In July 2010 Grey Lynn 2030 presented to the Western Bays Community Board about traffic issues in the West Lynn area and proposed traffic calming initiatives.  The results of a survey undertaken by Grey Lynn 2030 and Walk Auckland highlighted many of the concerns.

Survey of 118 people 97 (82%) live in Grey Lynn

  • 61% concerned about the volume of traffic in Grey Lynn .
  • 78% concerned about the speed of traffic in Grey Lynn.
  • 78% concerned with the safety of pedestrians from traffic in Grey Lynn.
  • 85% concerned with the safety of children from traffic in Grey Lynn.
  • 50% think it is not safe to cycle in Grey Lynn.

Traffic issues in West Lynn

  • Excessive speed
  • Hazardous to cross
  • Excessive traffic
  • Lack of “local shopping centre”
  • Illegal parallel parking
  • Failure of ad hoc measures eg Removal of car parks

Proposed solutions:

Cohesive package of traffic calming measures. For example:

  • Speed reduction
  • Signage “ welcome to West Lynn” “ Slow Village”
  • Raised surface through shopping area
  • Crossing islands
  • Intersection improvements on Richmond Rd (Warnock St, Peel St and Surrey Cres)

Update from 2009:

West Lynn Parking Issues
West Lynn residents have already been busy this year looking at solutions to deal with traffic issues. In late 2009 the Auckland City Council responded to residents’ concerns about traffic flow and parking access in and around Francis Street by prosing a P120 parking permit restriction to one side of Francis Street and giving residents, who have no parking on their property, the option to buy a permit for exemption @ $150 each permit. Council distributed a survey to Francis St residents indicating that if 50% of residents agreed to the introduction of the P120 it would be implemented.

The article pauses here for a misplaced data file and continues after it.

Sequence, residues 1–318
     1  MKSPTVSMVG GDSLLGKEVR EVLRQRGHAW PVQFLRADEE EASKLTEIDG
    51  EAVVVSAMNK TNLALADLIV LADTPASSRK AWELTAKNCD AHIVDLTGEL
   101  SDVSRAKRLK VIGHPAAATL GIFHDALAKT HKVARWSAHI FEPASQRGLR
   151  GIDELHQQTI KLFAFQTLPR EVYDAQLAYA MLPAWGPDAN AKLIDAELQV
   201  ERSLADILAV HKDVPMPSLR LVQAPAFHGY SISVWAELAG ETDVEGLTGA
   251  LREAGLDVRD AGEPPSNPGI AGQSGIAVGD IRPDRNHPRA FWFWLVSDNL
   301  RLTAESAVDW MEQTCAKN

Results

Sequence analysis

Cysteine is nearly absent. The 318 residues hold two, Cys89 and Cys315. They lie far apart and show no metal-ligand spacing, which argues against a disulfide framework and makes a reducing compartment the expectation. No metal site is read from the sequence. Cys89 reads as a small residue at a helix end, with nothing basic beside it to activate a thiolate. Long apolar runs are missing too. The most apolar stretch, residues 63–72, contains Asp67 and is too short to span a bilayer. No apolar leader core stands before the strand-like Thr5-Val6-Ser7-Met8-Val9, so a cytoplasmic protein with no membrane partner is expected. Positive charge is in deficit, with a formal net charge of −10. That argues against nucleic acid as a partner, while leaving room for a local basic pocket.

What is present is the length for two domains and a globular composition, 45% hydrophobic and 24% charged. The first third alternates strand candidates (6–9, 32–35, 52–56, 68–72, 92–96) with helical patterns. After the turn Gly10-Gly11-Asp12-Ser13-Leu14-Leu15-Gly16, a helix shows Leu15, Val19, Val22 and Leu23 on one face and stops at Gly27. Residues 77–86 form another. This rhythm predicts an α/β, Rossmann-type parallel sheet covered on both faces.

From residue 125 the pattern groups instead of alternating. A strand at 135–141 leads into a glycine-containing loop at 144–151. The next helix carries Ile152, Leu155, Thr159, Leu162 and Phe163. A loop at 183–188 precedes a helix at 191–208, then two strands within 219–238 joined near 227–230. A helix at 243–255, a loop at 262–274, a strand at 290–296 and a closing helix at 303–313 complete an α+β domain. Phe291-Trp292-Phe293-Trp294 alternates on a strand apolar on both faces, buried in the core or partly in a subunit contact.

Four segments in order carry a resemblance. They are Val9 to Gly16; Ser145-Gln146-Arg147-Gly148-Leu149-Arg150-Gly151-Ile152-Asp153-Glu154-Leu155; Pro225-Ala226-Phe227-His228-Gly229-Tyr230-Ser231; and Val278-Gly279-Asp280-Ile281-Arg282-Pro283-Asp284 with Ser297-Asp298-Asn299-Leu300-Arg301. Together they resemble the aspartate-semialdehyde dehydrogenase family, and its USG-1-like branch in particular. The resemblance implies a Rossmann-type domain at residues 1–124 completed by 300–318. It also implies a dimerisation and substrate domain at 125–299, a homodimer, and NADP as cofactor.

Street parties
GL2030 has a street party pack including the group’s banner and bunting

Beautification of Food town wall on Williamson Ave
Ideas including taking inspiration from David’s supermarket wall in Wadonga,  could be graffiti bomb, commission Kate Millington for glass mosaic, and/or street furniture

Intersection of Surrey Cres/Richmond Rd (where it is very dangerous to cross)
Guerrilla roundabout installed on a Saturday morning with GL2030 banner, plants, props and red carpet for pedestrians to cross at on Richmond Rd

Guerrilla road signs
Speed reductions symbols with a variety of different designs styles

Gateway for main entrances to Grey Lynn
Show we have a distinct traffic  “culture” plus specific signs/banners/flags for each of the local shopping centres and along streets

Traffic calming day/week to raise awareness
Combined with street parties, guerrilla signs activity

Pledge
Ask all people in Grey Lynn 2030 to take a pledge to drive less and more slowly and extend this to the wider community

Traffic calming Survey
Undertake survey to determine specific concerns and improvements desired of the community

Children’s workshop
Using David Engwicht’s Taming dragon wagons workshop

Problem streets
A letter has been drafted that can be used as a template for circulation to neighbours interested in sharing traffic calming ideas (starting with Kelmarna Ave)

Adoption of berms/design of the berms
Council has agreed that Westmere School can adopt 2/3sets of chicanes on Larchwood Avenue. A member of the Water group is going to approach the council to discuss the berm designs to improve water management and collection

Grey Lynn Farmers market – encouraging walking/cycling
Help is needed to make signs  saying:  “Lock your bike here” “Walk, skip or cycle to the market: Leave your car at home”.  “Only 10 mins walk from here” etc . Can anyone volunteer?

How about holding a street party?

Massey Matters has put together a guide for organising a BBQ or party in your street.  The Brits have been into this for years. Here a couple of excellent guides on how to do it. The British one has what every UK street party needs – how to make bunting

Mental Speed Bumps – the smarter way to tame traffic
David Engwicht, artist, write, street philosopher, story teller, was in Auckland in July 2009 at the invitation of the council’s urban design group inspiring people to re-think their presumptions about traffic calming and their relationship with vehicles. Grey Lynn 2030 hosted a community meeting where David called for an “outbreak of civility” as the first step to transforming Auckland!